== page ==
"It isn't enough to be very good - it needs to be unputdownable."
I didn't know what to say to this. It was true that I hadn't put the manuscript down for the last eighteen months, but that was hardly the same thing.
Later on, when I discussed the book with an agent, the U word came up again, except this time it was pretty clear I didn't have it. Not yet, anyway.
So what is this elusive magical quality, this mental equivalent of printing a novel on fly paper? I'm still not sure I have the full answer, but let me outline what I know so far as regards my own book (which it should be noted is a horror/comedy/thriller):
- It has to be consistently brilliant:
Well, this is pretty good advice for anyone writing a novel, but the unputdownable book has to lull a reader into their trance-like state and keep them in it all the way through. Uneven patches, jarring word use, unbelievable situations - all these things break the reader's suspension of disbelief and send them hunting for other problems in the text. Yes, you can surprise - absolutely, in fact - but plot twists should draw the reader further into the story, not push them away.
- Engage the reader on an emotional level:
Ok, I'm halfway through this blog post and wondering if I'm just teaching you to suck eggs here! Anyway, it's vital that the reader identifies with the main character(s) and gets sucked into the book to the level that their own feelings and those of the character start to intertwine. I guess this goes back to the classic "show, don't tell" - though maybe more like "feel, don't think".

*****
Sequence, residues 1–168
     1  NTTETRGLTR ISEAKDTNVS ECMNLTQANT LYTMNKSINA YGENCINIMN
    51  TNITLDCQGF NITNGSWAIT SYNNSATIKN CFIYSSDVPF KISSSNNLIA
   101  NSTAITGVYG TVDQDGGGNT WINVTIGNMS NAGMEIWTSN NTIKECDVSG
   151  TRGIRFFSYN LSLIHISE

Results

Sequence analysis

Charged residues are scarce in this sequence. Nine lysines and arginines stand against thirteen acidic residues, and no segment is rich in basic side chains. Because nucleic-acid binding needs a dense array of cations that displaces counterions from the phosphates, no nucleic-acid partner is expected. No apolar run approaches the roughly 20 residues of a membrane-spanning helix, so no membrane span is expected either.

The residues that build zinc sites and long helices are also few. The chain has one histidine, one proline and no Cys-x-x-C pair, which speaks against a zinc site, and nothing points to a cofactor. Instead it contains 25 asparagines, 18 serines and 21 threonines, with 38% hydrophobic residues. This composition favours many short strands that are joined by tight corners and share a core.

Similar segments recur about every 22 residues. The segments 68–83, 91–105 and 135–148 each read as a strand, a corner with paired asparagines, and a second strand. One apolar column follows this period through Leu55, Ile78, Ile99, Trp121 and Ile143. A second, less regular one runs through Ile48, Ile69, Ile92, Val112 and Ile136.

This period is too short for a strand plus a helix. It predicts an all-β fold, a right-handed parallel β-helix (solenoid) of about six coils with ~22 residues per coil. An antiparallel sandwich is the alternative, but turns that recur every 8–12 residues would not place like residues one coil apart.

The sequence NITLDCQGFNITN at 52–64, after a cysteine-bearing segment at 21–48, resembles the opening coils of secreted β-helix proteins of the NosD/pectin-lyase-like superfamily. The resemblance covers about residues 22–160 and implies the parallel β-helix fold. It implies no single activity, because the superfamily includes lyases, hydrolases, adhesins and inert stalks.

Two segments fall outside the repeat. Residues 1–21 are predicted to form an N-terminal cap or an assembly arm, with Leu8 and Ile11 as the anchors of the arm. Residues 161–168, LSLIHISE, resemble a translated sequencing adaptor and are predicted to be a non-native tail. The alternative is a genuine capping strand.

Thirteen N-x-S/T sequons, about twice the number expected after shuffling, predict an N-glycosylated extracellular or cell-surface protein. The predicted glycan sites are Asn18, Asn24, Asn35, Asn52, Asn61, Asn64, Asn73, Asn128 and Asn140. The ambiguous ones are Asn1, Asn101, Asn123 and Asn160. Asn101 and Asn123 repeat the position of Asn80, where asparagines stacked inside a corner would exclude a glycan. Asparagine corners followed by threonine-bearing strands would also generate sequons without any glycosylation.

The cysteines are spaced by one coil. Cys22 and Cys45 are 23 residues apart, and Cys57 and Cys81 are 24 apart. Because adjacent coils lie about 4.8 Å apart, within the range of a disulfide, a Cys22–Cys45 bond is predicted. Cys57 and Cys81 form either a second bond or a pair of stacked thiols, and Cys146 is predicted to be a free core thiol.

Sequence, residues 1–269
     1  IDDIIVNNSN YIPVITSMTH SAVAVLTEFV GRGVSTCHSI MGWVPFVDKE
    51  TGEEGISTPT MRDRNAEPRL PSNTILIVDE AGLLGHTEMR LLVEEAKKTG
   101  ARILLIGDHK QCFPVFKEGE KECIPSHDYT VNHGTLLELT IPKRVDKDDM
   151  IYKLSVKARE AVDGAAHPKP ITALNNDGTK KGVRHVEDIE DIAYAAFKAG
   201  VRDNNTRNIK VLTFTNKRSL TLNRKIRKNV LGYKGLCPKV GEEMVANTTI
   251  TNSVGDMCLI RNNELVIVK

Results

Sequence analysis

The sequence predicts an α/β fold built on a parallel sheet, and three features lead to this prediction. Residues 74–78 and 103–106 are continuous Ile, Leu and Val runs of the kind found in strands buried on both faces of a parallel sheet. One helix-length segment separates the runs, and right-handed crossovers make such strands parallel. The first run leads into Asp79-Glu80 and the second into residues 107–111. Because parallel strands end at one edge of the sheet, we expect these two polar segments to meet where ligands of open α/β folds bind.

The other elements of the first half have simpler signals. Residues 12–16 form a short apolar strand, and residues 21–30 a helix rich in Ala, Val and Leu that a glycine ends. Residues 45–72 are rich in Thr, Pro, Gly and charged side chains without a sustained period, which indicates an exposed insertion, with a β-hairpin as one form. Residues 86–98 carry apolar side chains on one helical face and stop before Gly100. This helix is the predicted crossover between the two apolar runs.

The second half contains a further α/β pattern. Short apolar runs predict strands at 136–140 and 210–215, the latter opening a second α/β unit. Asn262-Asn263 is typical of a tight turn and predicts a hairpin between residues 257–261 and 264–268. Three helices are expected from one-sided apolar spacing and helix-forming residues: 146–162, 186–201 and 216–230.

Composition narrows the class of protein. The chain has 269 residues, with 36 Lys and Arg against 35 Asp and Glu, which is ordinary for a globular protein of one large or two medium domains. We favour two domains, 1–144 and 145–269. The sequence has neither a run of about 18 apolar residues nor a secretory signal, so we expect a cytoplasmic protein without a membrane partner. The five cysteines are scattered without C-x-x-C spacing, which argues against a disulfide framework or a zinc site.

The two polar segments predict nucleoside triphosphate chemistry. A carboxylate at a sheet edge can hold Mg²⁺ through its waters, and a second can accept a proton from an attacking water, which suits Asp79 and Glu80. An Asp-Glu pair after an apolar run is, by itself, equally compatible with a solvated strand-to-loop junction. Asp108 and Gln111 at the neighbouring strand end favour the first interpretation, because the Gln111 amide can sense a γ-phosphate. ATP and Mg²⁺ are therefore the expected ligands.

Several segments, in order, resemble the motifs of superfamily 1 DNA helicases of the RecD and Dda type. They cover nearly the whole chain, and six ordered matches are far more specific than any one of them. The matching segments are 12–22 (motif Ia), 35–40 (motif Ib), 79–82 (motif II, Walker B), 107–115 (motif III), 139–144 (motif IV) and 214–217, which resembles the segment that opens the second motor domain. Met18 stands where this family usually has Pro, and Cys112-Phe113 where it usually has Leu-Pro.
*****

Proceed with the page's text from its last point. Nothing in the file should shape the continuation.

- The tension needs to build throughout the story:
In other words, never give the reader or the characters time to breathe. There should be clear dramatic tension from the very start and a through line that extends to the end of the story. The situation should get more and more serious for the characters and not be resolved until the climax. My plot originally had a rather loosey-goosey feel and several sections where the main character sat around feeling bored. Again, this all sounds like obvious stuff to fix, but I needed someone else to point this out.
- Raise the stakes:
This is the part that I'm still having most trouble with, because I'm not sure how quickly to do this and to what level. Initially, I was writing the book as part of a series, so I deliberately made it more modest in scope to give me somewhere to go in later volumes. This resulted in a bit of a muted climax with minimal resolution. I've now pumped things up, but I'm getting comments that there still isn't enough at stake in the opening chapters. How far do you go with this? Should I start with the Big Bang and work up to a final scene where God fights Satan for possession of man's immortal soul? I think this harks back to point 1, as well - how far can you raise the stakes without sacrificing believability?
- Have cliffhangers:
How could I not do this? I constantly ended my chapters by nicely resolving the tension in the scene. Even when I was trying to build tension in my rewrite, my chapter ends were still not doing their job. The simple solution? Just move the end of the chapter about 50 words back and then resolve the immediate situation at the start of the next one (but keep the central tension building!) If a reader is going to put down a book, they're most likely to do it at a chapter break, so don't let them go!
So many questions! I appreciate any answers you might have in the comments section...